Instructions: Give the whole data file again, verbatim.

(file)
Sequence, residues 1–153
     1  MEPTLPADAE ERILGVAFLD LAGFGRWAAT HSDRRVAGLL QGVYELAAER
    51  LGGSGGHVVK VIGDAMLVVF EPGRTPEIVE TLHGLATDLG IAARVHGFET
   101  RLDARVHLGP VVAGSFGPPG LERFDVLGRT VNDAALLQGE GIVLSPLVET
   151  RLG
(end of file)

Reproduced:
Sequence, residues 1–153
     1  MEPTLPADAE ERILGVAFLD LAGFGRWAAT HSDRRVAGLL QGVYELAAER
    51  LGGSGGHVVK VIGDAMLVVF EPGRTPEIVE TLHGLATDLG IAARVHGFET
   101  RLDARVHLGP VVAGSFGPPG LERFDVLGRT VNDAALLQGE GIVLSPLVET
   151  RLG